Child Support


Under New York State law, children must be financially supported until they are 21 years old. Regardless of whether or not an individual knows a child personally or lives with them, a parent is required to pay child support under the Child Support Standards Act (CSSA) in New York. The CSSA mandates support payments for a child’s financial well-being. The CSSA was enacted to keep a consistent standard of living and continuity in a child’s life, regardless of whether the parents are separated. Additionally, even if a parent is in another state or country, unemployed, or in jail they may still be ordered by a court to pay child support.


Child support may involve cash or check payments for expenses such as childcare, medical care, or food. The exact amount of child support that must be paid by an individual is computed by a family court. Ordinarily, child support is a set percentage. However, the court has discretion with certain percentages if the parental earnings are over $143,000. Currently the support scale is as follows:


1 Child: 17% of parental income
2 Children: 25% of parental income
3 Children: 29% of parental income
4 Children: 31% of parental income
5 or More Children: No less than 35% of parental income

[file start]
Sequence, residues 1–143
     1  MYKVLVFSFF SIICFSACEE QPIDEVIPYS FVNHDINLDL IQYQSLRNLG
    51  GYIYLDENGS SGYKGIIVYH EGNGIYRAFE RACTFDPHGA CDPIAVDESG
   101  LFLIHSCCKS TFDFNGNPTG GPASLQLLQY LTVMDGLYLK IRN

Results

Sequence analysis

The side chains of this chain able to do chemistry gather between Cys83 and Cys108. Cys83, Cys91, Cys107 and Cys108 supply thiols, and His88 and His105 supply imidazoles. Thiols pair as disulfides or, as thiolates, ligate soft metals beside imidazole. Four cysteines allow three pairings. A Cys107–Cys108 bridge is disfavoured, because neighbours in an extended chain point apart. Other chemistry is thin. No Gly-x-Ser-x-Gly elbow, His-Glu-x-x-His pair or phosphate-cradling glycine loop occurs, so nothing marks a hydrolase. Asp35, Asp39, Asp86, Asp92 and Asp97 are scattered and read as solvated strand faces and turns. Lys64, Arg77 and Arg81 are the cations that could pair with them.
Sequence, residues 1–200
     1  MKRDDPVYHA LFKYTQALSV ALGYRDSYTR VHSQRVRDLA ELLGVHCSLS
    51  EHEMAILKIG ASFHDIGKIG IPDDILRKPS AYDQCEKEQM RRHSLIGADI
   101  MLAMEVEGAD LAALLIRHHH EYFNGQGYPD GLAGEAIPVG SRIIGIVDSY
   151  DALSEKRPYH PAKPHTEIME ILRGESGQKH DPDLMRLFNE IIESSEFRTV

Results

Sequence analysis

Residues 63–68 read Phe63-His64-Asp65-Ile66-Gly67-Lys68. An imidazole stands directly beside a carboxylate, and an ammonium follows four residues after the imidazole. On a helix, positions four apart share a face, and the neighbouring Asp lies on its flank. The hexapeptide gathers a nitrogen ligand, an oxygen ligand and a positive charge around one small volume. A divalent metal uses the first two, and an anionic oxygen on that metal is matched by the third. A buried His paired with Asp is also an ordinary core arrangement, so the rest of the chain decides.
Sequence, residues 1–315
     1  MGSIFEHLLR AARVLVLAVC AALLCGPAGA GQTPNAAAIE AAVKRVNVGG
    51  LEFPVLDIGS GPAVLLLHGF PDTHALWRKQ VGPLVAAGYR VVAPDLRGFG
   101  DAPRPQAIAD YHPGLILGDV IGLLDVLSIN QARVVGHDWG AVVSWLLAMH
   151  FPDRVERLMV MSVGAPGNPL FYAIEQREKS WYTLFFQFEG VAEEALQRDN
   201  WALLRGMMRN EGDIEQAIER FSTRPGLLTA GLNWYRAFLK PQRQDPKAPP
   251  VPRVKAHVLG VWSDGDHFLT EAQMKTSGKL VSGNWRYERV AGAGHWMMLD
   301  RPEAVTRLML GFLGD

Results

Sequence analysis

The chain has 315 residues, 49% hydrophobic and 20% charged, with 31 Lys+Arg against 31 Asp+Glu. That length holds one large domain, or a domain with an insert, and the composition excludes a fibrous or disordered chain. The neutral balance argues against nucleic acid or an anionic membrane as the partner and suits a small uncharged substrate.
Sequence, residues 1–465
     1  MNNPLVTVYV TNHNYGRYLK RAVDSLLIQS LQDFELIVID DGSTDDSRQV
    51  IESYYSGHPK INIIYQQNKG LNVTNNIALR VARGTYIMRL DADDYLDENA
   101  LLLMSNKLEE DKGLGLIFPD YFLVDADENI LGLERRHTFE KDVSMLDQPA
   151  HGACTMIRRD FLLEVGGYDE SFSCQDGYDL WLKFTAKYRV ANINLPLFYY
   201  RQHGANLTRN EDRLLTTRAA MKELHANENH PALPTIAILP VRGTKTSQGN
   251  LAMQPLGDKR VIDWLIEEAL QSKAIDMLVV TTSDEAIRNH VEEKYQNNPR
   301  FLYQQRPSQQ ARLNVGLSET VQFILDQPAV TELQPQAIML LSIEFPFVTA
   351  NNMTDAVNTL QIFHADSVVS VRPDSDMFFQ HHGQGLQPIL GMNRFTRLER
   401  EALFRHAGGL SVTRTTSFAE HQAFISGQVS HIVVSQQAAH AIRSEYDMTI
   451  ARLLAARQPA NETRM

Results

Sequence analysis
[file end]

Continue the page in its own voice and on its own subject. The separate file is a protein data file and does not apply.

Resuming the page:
If an individual has an income that is below the Federal Poverty Line, the child support payments are generally capped at $25 per month. In 2016, the Federal Poverty Line was at $11,880. If an individual has an income that falls under New York's Self-Support Reserve, he or she will usually pay $50 per month. In 2016, the New York Self-Support Reserve was $16,038.


While a divorce is proceeding, the noncustodial parent is generally responsible for paying child support in order to maintain a child’s financial well-being. A noncustodial parent is a parent that does not reside with the child. The details of the child support arrangement are decided in a hearing before a family court judge. Prior to a final determination of child custody at trial, a judge can put temporary orders of child custody in place leading up to the trial, at which time a permanent decision will be made. In general, the parent who makes more money in a joint custody case will likely have to pay support. If there is a question over who the legal guardian of a child is, a paternity DNA test may be conducted with the filing of proper documentation.


The lawyers at Larry McCord & Associates, LLC have experience representing spouses in all aspects of matrimonial and family law litigation. The financial complexities in divorce cases can be overwhelming. Please contact Larry McCord and Associates, LLC at (631) 643-3084 to learn more about the firm's services and approach to child support disputes.


 

 

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